In many respects, it is the abundance of Secessionist architecture that has provided Timisoara with its rather appropriate moniker, "Little Vienna." Secessionism developed in two distinct architectural phases here. Sinuous lines and floral decorations characterized the first phase which lasted until 1908. The second phase, which continued until the First World War, saw simpler, larger buildings with geometrical designs. Secessionism in Romania was an important link between the Byzantine style and later modernist architecture.
Some of the city's most interesting sites are its elegant baroque buildings, spread around town and particularly along the main square, Piata Victoriei, which stretches from Opera Square (Piata Operei) to Loga Boulevard.
The focal point is the towering Romanian Orthodox Metropolitan Cathedral (Catedrala Ortodoxa Mitropolitana) at the south side of the square. Built between 1936 and 1946, its green and red roof tiles are arranged in a mosaic design. In front of the Cathedral is a memorial to those who lost their lives during the 1989 Revolution which overthrew Communist rule. The Memorial Museum of the 1989 Revolution (Muzeul Revolutiei) offers a full insight into the revolution in Timisoara.
Across the town centre is the picturesque Habsburg-era Piata Unirii, so-named for the imposing sight of the Romano-Catholic and Serbian Orthodox Cathedrals facing each other. Historic pastel-hued buildings line the square. During the 18th century, this was the city's commercial centre and the venue for numerous military processions and religious ceremonies.
Nicolas Lenau College (Liceul Nicolas Lenau), located on the north side of the square, was built in 1761 and was home to the earliest theatre in Timisoara.
The baroque Serbian Orthodox Cathedral (Biserica Orthodoxa Sarba), built in 1745-48, and the mint green and white Serbian Bishop's Residence (Vicariatul Ortodox Sarb) with its extravagant decorations are located on the west side of the square. The Cathedral can be visited daily between 7am and 6pm.
The Roman Catholic Cathedral (Catedrala Episcopala Romano-Catolica) on the east side of the square was built between 1736 and 1754 to the design of Fisher von Erlach and represents a fine example of Viennese baroque style. The main altar painting was completed by Michael Angelo Unterberger, director of the Fine Arts Academy in Vienna.
The impressive 18th century Baroque Palace (Palatul Vechii Prefecturi) dominates the square's south side. Formerly the governor's residence, it now houses the Museum of Fine Arts with works by German, Flemish and Italian artists.
At the northwest corner of Piata Unirii stands the spectacular Scont Bank (Banca de Scont). This typical Hungarian-style art nouveau structure, built in the early 20th century, features an organic shape comprising curved walls studded with turquoise tiles forming patterns drawn from folklore, and extravagant iron gutters and window grills.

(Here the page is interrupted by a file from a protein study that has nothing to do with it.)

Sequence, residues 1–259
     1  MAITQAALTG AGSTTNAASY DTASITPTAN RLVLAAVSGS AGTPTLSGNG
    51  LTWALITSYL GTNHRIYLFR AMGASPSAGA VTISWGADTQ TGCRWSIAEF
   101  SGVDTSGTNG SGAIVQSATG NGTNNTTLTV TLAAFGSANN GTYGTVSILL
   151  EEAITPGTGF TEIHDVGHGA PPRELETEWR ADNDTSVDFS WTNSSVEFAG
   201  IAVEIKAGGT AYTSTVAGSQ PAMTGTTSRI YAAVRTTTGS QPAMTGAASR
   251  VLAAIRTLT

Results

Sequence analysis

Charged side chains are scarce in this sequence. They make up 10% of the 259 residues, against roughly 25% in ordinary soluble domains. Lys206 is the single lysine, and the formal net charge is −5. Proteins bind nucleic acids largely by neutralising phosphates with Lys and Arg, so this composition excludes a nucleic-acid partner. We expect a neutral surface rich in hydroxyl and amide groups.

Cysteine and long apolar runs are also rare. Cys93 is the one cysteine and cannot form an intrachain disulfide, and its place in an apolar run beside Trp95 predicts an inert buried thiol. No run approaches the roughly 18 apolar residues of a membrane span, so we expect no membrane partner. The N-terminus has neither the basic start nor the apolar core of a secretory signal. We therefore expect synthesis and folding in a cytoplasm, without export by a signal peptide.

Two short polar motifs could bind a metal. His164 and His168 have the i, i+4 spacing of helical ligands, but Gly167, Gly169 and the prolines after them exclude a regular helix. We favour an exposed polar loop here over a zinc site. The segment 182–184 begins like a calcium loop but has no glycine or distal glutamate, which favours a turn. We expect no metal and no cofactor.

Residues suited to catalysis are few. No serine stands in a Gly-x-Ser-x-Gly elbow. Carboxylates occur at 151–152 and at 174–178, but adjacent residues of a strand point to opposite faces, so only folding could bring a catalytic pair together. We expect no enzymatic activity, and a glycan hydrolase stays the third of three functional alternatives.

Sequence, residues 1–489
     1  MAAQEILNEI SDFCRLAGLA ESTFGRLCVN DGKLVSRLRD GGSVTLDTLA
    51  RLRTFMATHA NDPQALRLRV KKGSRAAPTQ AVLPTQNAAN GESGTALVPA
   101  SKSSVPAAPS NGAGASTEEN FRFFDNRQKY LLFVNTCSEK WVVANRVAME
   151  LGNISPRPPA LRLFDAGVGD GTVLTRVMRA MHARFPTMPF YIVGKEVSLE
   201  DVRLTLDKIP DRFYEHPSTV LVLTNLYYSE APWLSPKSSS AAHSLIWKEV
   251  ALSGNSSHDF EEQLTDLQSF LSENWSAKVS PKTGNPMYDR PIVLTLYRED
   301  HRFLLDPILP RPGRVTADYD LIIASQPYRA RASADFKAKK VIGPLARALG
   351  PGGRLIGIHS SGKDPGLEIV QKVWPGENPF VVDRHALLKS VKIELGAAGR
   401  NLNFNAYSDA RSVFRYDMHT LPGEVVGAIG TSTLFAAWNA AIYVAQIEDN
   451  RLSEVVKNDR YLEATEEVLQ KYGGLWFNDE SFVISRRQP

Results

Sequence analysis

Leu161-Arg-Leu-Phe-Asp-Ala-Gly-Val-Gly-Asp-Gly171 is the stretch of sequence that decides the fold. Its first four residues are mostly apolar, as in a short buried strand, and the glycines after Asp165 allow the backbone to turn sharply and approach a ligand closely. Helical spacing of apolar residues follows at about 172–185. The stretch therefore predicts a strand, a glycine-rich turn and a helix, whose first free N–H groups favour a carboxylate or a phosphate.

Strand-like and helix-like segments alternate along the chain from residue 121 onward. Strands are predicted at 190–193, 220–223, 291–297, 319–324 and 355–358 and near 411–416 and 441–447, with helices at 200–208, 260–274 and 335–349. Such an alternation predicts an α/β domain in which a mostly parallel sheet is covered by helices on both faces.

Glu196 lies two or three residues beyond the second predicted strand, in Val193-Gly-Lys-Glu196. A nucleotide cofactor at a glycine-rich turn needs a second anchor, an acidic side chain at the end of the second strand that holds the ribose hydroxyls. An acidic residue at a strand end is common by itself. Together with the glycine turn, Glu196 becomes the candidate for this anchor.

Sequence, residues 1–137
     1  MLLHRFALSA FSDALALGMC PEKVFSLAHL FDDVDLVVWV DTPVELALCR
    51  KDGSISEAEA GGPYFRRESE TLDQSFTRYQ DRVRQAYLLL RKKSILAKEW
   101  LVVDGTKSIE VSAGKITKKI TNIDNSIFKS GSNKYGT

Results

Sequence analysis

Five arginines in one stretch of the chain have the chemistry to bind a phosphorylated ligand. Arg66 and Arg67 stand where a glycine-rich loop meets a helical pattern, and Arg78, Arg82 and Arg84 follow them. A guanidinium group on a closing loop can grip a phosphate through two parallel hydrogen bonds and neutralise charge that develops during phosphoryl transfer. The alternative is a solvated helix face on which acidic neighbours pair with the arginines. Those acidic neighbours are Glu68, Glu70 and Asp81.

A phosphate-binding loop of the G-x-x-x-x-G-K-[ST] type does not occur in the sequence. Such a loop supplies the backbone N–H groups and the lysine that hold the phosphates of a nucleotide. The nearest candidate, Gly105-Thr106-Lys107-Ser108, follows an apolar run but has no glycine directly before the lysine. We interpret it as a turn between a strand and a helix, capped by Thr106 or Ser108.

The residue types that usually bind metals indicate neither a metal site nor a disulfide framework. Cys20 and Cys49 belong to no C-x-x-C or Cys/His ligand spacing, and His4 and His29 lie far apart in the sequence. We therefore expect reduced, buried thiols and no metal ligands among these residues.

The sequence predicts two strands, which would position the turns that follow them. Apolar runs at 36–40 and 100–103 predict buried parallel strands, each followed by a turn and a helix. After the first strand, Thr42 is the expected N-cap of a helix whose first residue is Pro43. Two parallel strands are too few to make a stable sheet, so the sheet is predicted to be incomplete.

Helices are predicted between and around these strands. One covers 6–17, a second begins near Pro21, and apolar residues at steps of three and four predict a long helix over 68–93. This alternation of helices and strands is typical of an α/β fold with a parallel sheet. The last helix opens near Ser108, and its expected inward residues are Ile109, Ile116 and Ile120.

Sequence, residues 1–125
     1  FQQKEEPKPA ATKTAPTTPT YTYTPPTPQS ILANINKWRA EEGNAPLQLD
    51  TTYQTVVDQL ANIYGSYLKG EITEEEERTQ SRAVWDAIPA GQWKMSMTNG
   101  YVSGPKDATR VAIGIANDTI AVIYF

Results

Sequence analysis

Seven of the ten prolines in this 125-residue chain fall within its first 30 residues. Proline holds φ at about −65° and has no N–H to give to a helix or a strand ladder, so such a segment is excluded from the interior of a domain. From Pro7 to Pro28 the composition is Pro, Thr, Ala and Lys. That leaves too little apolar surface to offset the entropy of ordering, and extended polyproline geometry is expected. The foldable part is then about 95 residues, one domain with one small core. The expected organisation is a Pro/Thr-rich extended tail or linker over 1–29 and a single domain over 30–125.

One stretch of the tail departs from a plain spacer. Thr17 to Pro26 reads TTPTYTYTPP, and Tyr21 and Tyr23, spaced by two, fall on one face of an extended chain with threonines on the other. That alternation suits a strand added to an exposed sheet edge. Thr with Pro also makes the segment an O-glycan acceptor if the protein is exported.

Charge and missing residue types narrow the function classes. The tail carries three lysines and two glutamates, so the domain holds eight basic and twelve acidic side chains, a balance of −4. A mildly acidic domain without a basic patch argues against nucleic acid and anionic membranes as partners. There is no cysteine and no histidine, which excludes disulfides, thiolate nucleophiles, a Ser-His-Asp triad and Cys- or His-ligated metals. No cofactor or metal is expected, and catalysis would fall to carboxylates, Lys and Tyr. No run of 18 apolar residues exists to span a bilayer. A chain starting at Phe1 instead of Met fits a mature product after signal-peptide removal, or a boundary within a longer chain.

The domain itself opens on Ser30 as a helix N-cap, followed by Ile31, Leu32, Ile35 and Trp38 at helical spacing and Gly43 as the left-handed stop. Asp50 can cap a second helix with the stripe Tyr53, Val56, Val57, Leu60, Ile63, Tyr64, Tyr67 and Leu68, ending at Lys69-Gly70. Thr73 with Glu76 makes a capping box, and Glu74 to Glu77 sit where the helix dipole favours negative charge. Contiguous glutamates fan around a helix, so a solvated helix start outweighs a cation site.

From Piata Unirii, walk east along Str. Palanca to the oldest building in Timisoara, now housing the Banat Etnographic Museum within the city's remaining 18th century bastion.
Another remarkable open space in the city is Piata Libertatii which offers a great display of Secessionist architecture. The Banat region was under Turkish rule from 1552 until 1716 when the Austrian-Habsburg Prince Eugene de Savoy took over Timisoara. At this time, a seven-star- shaped bastion and gate-towers were constructed and the marshes surrounding the town were drained by the new Habsburg governor, General Mercy.
Continue along Str. Lucian Blaga to the 14th century Huniade Castle (Castelul Huniade). Built during the rule of Carol Robert, Prince de Anjou, it was completed by Iancu of Hundeoara and redesigned by the Habsburgs in the 18th century.
South and east of the Bega Canal are the Josefin, Elisabetin and Fabric residential districts, true gems of Jugendstil, or art nouveau, architecture, built mainly in the late 19th century. The small residential square of Piata Plevnei, south of the Bega Canal, is bordered by excellent examples of the first phase of Secessionist architecture, such as Gemeinhardt's Peacock House (Casa cu Pauni) built in 1905. Facades are covered with an abundance of typical motifs: peacocks, swans, owls and squirrels together with sinuous vines and foliage. The theme continues on the buildings lining Splaiul Tudor Vladimirescu, following the south bank of the Bega, and to a lesser extent, around nearby Piata Maria and Bulevardul 16 Decembrie 1989.
Secessionist, or art nouveau, architecture also can be found in the cities of Arad (especially on Strada Closca and Piata Avram Iancu), Oradea (Vulturul Negru and Astoria hotels), Cluj (Odon Lechner National Theatre), Satu Mare and Targu Mures (Palace of Culture).